During the next several years, Adi Da would call on me to sing in various
kinds of community occasions. He showed me how not only the voice, but
the whole body, could become an instrument of joy and praise. I discovered
the practice (and bliss) of singing as a mindless and ecstatic contemplative.
Patterns of body, mind, emotion, long locked in place, loosened or disappeared.
(Understand, Adi Da is not a voice coach, but a uniquely born Spiritual
Master, capable of bringing light to any occasion or subject.)
Kauai, Hawaii — June 22, 2009
daughter Sepia's 29th birthday
Adi Da used
my passion for music to connect me with the gift of His Enlightenment.
I use that word carefully, aware that all kinds of "programs" are being
offered these days which are claimed to result in "enlightenment". Adi
Da's Enlightenment is the Real Thing, the Divine State Itself.
During the 70's and 80's, Adi Da made great use of musical occasions in
the community of Adidam to instruct students and devotees. In time, what
evolved as "sacred offerings" became opportunities for singers, instrumentalists,
dancers, to participate in a unique practice: contemplation of the spiritual
reality revealed in Adi Da's Presence, in the midst of offering an artistic
This practice is unique to the Teaching of Adi Da, and is to be distinguished
from the technique-oriented methods of many traditional communities.
The years in which Adi Da worked with music as a teaching device (popular,
jazz, rock, opera, etc.) ended in the early nineties. He would often comment
during these early years that no attainment, goal, or experience was equivalent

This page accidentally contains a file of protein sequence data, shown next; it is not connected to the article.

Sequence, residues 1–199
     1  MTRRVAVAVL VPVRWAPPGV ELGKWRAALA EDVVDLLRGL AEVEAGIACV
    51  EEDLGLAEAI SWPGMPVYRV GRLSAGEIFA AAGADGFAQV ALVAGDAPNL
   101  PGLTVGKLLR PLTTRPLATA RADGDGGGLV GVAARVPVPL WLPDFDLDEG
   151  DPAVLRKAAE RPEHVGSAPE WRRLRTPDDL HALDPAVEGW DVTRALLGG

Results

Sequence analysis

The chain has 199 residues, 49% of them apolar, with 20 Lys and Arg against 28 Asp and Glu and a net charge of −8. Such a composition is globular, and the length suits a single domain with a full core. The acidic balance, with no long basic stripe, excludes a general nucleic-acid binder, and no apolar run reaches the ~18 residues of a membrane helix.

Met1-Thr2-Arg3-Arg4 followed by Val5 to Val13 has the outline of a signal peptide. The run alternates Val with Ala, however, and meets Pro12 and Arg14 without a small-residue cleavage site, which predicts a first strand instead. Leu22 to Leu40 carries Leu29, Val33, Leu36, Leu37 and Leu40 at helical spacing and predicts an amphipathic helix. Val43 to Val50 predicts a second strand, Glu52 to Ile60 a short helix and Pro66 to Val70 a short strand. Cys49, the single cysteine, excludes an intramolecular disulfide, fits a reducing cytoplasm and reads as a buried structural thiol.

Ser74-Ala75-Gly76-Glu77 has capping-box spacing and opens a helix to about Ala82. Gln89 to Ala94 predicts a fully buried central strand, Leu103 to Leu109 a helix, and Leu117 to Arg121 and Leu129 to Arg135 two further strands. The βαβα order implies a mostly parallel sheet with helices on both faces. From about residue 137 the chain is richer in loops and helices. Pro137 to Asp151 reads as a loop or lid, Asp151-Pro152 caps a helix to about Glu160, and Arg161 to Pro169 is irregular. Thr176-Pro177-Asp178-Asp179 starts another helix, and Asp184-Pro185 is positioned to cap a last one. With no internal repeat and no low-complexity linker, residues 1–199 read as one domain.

to Truth. He would find (and continues to find) ways to draw me and my
friends beyond whatever temporary state we find ourselves in any moment,
and into that Truth.
Adi Da's Work has continued over the years, and it has become increasingly
obvious to me and many others that he is the Pure Divine, incarnate in
Adi Da Samraj today
be prepared to receive the unique "spiritual transmission" of Adi Da.
When I have been best prepared, I have sat in front of him, heart open,
even heart-broken and mind silenced. He transmits the most extraordinary
blessing and intimacy, and awakens a profound devotion in those who turn
However, even such sublime moments are not an end in themselves, and there
is no "spiritual status" conferred by them. Such Grace is the
beginning of an ordeal of self-understanding and discriminative intelligence,
which alone makes submission to the Divine in the form of the God-Man
Adi Da is even more controversial than great masters of the past. He has
broken taboos that others have been unwilling or unable to confront —
but which must necessarily be confronted in order to free ordinary human
beings from the bondage that locks them in unawareness of God and the
Enlightened State. Adi Da's work is heroic in the extreme. He lends sanity,
meaning, and transcendence to the chaos and superficiality of these times.
If you would like to learn more about Adi Da and the spiritual way of
Adidam, please stop by any of the following websites:
Adi Da — and his spiritual transmission — is eternally available to all
his devotees, his human life ended on November 27, 2008. In November,
2009, as part of the one-year anniversary of that special date, I put
together the following video tribute. Enjoy!